Re: [Emc-developers] S-curve: my summary From: Alexey Starikovskiy - 2012-05-02 08:10 ```No, the question was quite simple. In your example of velocity-controlled drive, it gets command input once per ~1ms, thus you can't really give it any smooth curve as velocity, as there is no way to reliably smooth it between those points. You might have low-pass filter in some MESA card, you might have low-pass filter in the drive itself, and it may be any combination of them. What will be the typical (ac/de)celeration time? Is it much larger than 1ms and we could assume all the above is irrelevant? On Wed, May 2, 2012 at 10:50 AM, Viesturs Lācis wrote: > 2012/5/1 Alexey Starikovskiy : >> It is all good looking in theory, but how do you transfer this >> information to the servo drive? > > If I understand correctly the question, then that is "mission > impossible 5" to implement jerk limitation in the feedback loop, > closed by servo drive, because AFAIK almost all of them are running > closed source firmware. > Jerk limitation is available only in feedback loop, closed by > LinuxCNC, and I think that it is sufficient - imagine the torque loop > closed in servo drive and velocity loop closed in LinuxCNC - requested > velocity from LinuxCNC will be jerk-limited, thus will have s-shape > curve instead of trapezodial. It does not matter if servo drive has > jerk limit or no, it is already there in requested velocity. > > Viesturs > > ------------------------------------------------------------------------------ > Live Security Virtual Conference > Exclusive live event will cover all the ways today's security and > threat landscape has changed and how IT managers can respond. Discussions > will include endpoint security, mobile security and the latest in malware > threats. http://www.accelacomm.com/jaw/sfrnl04242012/114/50122263/ > _______________________________________________ > Emc-developers mailing list > Emc-developers@... > https://lists.sourceforge.net/lists/listinfo/emc-developers ```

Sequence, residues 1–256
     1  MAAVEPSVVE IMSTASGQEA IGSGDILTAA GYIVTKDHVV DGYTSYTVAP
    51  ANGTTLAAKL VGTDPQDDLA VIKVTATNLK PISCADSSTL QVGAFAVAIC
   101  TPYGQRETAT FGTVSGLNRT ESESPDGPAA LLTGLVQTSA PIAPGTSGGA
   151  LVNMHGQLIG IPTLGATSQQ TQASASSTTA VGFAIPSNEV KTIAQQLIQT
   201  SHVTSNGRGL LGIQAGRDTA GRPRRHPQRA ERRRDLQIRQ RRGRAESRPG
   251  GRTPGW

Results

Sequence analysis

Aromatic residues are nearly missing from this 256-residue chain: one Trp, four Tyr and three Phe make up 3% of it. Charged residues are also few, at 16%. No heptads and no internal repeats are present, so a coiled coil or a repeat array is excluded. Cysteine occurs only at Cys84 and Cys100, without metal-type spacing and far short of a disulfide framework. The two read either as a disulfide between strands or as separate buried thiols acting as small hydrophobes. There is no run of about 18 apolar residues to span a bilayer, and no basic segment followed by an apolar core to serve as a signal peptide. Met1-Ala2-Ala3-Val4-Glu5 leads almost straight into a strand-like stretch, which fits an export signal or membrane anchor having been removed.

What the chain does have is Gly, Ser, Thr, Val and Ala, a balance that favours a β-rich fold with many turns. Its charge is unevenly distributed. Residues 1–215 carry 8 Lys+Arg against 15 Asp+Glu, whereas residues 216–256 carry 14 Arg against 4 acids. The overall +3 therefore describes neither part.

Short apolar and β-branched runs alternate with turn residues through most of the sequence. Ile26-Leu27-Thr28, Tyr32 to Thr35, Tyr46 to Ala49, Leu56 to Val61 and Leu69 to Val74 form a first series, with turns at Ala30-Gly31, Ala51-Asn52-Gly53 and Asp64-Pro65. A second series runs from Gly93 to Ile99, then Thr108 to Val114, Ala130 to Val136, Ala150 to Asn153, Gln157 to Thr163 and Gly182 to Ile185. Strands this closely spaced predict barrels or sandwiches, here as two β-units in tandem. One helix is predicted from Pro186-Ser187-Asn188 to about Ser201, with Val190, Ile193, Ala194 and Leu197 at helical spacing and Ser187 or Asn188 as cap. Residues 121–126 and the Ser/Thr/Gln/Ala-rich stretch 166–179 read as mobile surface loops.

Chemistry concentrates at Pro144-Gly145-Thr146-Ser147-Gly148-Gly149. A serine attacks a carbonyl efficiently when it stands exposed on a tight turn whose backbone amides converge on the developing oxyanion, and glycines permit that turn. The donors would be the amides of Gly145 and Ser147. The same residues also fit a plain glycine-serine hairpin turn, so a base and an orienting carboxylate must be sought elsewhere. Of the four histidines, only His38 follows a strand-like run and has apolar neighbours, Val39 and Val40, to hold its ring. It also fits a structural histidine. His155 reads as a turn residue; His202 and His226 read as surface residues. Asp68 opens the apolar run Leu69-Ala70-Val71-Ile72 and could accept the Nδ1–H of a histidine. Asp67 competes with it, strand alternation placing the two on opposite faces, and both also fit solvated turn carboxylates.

Re: [Emc-developers] S-curve: my summary From: Viesturs Lācis - 2012-05-02 08:45 ```2012/5/2 Alexey Starikovskiy : > No, the question was quite simple. In your example of > velocity-controlled drive, it gets command > input once per ~1ms, thus you can't really give it any smooth curve as > velocity, as there is no way > to reliably smooth it between those points. You might have low-pass > filter in some MESA card, > you might have low-pass filter in the drive itself, and it may be any > combination of them. > What will be the typical (ac/de)celeration time? Is it much larger > than 1ms and we could assume > all the above is irrelevant? > Well, then I think that this is general question, not related to s-curve velocity profile. Practice shows that 1 ms is short enough that vast majority of motors with their inertia and load cannot achieve any significant acceleration during this one servo thread period. 1 ms is short enough that most machines with velocities below 10-15 m/min have smooth velocity profiles without additional filtering. I think that successful PID loop with a 1ms update interval proves that it is sufficient for vast majority of machines. I guess that very strong linear servo motors with accelerations of 5G and more will require faster update rate, but they are so expensive that I doubt any LinuxCNC users will be able to afford them in any near future. Anywy the servo period length can be adjusted as well. I myself have set servo cycle at 1,5 kHz on D525MW based PC. I have read that other users have achieved even better numbers. Viesturs ```